Correlation between short-time and whole-night obstruction level tests for patients with obstructive sleep apnea

Jeong Whun Kim, Jae Cheul Ahn, Young Seok Choi, Chae Seo Rhee, Hahn Jin Jung

Research output: Contribution to journalArticlepeer-review

1 Scopus citations


Identification of obstructive level is crucial for successful surgical outcomes in patients with obstructive sleep apnea (OSA). Unfortunately, most of the dynamic airway evaluations are performed for a short duration under drug-induced sleep; therefore, it is uncertain whether they represent airway events that occur during a whole night of sleep. This study was aimed to evaluate the correlation between obstructive levels that were identified by a short-time and a whole-night test in patients with OSA. Total 101 patients with OSA underwent drug-induced sleep fluoroscopy (DISF) and pressure manometry (PM). For DISF, the obstructive pattern was classified into one of three groups: soft palate, tongue-based, and a combined obstruction. PM was used to measure the proportion of retroglossal events out of total whole-night obstructive events in each patient. The mean age of the patients was 43.8 years. The obstructive pattern was identified as soft palate in 56 patients, combined in 38 patients, and tongue-based in 7 patients following DISF. Results from PM showed that the mean percentage of retroglossal obstructive events was 31.2 ± 30.7%. The average proportion of retroglossal obstructive events that were identified by PM in patients with soft palate, combined, and tongue-based obstruction was 27.2%, 32.1%, and 59.0%, respectively (p = 0.033). There are limitations of evaluating obstructive events that occur during a whole night with short-time tests. Surgeons should be aware the possibility of disagreement in the obstructive level between short-time and whole-night tests.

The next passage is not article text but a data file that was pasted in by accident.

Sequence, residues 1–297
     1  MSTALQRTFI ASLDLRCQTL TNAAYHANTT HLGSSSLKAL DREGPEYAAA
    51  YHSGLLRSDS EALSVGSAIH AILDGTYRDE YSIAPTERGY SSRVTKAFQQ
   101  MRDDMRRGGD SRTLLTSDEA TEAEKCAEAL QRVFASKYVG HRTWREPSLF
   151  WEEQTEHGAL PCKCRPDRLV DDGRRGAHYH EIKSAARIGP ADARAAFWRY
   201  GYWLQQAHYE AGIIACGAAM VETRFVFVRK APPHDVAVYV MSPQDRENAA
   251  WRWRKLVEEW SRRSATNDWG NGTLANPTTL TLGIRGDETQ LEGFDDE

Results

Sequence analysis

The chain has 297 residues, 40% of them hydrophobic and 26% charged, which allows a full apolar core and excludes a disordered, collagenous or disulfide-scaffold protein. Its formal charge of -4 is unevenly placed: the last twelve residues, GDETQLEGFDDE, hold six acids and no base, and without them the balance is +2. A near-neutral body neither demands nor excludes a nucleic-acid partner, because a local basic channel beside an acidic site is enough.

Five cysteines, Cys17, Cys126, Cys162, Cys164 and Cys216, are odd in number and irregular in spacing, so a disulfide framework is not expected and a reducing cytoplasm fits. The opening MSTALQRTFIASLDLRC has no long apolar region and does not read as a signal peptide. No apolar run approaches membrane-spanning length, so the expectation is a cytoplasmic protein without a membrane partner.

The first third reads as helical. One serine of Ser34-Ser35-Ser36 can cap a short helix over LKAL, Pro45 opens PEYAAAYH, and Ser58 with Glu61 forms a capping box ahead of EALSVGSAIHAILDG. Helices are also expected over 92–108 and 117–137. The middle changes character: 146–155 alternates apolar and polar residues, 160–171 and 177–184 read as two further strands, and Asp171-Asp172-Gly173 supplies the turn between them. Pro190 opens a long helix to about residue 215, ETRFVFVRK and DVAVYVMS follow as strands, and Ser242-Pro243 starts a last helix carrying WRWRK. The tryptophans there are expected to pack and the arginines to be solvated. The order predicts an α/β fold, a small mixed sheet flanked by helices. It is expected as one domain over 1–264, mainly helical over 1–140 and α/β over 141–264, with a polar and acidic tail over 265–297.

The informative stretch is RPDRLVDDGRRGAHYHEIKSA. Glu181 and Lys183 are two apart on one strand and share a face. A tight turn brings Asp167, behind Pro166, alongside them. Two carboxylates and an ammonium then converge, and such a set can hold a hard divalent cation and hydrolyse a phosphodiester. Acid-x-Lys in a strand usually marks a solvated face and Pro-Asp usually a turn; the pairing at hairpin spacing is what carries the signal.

Original languageEnglish
Article number1509
JournalScientific Reports
Issue number1
StatePublished - Dec 2021
Externally publishedYes


Dive into the research topics of 'Correlation between short-time and whole-night obstruction level tests for patients with obstructive sleep apnea'. Together they form a unique fingerprint.

Cite this